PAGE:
Just watched the movie. It's great, but the book is better I think.
The ending in the movie differs from the book, though.
Seen the movie, Its great, casting Claire Danes as Yvaine is just the right thing but i just can't help but to feel that the book is better.This message has been edited. Last edited by: Sleepstarved,
I really enjoyed the movie- and more importantly- so did my 2 children (10 and 6).
What I didn't like was the feeling of 'all us chums together' it had- there were too many mates of Mr and Mrs Ross in it for my liking.
The scenery though- mind blowing! The highlight of all this was seeing the location they had Gervais' shop in- a beautiful hillside just half an hour or so from where we live!
I've walked that hill a few times, and have never seen a magical shop or flying boats...
Yes, but did you come to the hill without first passing through the gap in The Wall? I think not.
Heh! Good point!
No- I didn't pass through a magic wall- but then, there's nothing, and I do mean nothingup there! Rocks and moss... no walls!
Yes, I know this is happening, I just dont consider this to be art. Real art has a knack to make people nervous, and things that just fill our bellies are not worth remembering, they dont change your life, it is a pity a great piece of art by Neil Gaiman got caught into this petty belly-filling scheme...Oh well, I am stopping this bitching of mine right now:-)))))))
Hi. New member here but I've been enjoying Neil Gaiman's works for quite a while. I just saw Stardust on DVD (having missed it in the theatre) and really, really enjoyed it. I remeber Stardust being one of my favorite works (Neverwhere probably being my favorite) and the movie really brought bits of the book back to me.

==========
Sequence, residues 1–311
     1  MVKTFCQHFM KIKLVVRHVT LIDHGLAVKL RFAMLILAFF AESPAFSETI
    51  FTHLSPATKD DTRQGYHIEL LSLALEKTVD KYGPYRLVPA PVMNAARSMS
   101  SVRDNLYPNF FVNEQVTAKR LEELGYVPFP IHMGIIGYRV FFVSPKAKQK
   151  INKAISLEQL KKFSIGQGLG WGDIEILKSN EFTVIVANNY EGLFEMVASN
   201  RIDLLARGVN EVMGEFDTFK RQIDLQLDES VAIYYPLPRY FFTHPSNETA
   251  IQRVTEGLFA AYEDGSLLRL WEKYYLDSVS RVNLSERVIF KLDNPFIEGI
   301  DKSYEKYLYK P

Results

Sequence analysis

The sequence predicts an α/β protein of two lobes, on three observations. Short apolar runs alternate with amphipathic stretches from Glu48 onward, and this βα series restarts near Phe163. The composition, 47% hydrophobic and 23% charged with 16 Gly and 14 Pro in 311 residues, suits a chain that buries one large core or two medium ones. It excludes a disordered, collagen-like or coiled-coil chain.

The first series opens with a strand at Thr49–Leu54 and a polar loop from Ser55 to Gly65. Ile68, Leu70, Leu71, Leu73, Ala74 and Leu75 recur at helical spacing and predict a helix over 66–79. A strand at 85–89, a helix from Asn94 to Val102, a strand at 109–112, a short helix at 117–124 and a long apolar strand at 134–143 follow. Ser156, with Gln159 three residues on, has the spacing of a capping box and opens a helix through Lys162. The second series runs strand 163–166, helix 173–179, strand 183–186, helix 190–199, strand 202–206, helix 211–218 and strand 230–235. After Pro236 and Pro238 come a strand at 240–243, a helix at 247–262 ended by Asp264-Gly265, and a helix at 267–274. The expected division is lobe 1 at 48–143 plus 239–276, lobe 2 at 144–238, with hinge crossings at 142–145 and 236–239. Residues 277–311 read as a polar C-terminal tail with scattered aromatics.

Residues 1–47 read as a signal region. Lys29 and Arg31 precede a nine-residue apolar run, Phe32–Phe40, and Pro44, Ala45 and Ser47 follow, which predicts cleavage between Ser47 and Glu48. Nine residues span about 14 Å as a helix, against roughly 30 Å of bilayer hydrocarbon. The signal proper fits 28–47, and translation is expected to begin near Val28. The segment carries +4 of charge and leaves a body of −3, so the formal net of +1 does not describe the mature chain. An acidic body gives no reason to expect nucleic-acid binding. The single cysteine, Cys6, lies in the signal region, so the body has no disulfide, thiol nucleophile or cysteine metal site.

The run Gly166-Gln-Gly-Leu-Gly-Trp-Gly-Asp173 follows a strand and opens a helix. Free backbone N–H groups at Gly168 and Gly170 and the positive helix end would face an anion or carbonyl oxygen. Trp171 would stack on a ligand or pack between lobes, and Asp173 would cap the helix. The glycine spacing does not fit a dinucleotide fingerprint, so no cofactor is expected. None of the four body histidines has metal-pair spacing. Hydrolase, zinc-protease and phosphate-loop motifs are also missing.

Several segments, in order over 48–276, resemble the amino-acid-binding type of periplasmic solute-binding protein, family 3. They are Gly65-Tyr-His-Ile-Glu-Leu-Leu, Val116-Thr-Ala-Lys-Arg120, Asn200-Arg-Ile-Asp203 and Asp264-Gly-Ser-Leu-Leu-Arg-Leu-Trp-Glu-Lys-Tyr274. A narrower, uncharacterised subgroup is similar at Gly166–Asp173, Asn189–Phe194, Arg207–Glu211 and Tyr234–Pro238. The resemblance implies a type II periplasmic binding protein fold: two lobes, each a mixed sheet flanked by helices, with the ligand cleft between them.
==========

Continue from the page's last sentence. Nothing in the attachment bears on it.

However, in an effort to keep the Stardust "good feelings" going as long as possible I re-read the book and (I know this is probably heresy) I think I actually enjoyed the movie more! I felt the producers did an excellent job translating the gist of the story to the big screen. The compromises were appropriate and the changes simplified the plot enough so that it made sense in the movie format (without being 3 hours long)!
So many movies do such a bad job at telling a coherent and entertaining story. Stardust, IMO, was both.
The DVD was a bit dissapointing as there was no commentary track. Hopefully there will be a "special deluxe collectors" edition with more extras!
I did miss Tori, however....
My cousin and I stopped to see a movie in the only theatre for miles; a ranshack cinema attached to an equally miserable multiplex. Perfect for hiding out.
Usually, for me, movie previews are almost as fun as watching the go-see, but when we watched the preview for Stardust, we no longer felt as pleased to be there watching something else.
Mostly, I forgot about Stardust after that. Until I saw it on the shelves at the store. It just didn't seem to match what I had remembered feeling that day at the ranshack cinema. So I passed it up. My cousin brought it up again and I decided to buy it not shortly after that, and glad that I did.
Especially since I didn't even know it was originally a book written by Gaiman!! Well, of course! I could have simply not known. I've only read part of American Gods, and most of Good Omens. I also have Smoke and Mirrors, as well as Fragile Things... but I've only touched the covers. I'm currently reading Anansi Boys (of them, at least one that I will finish!) which I picked up at the same time finding out about Stardust, after having seen the movie. Not so amazing, but kind of.
Oh yes, and Hello! I'm new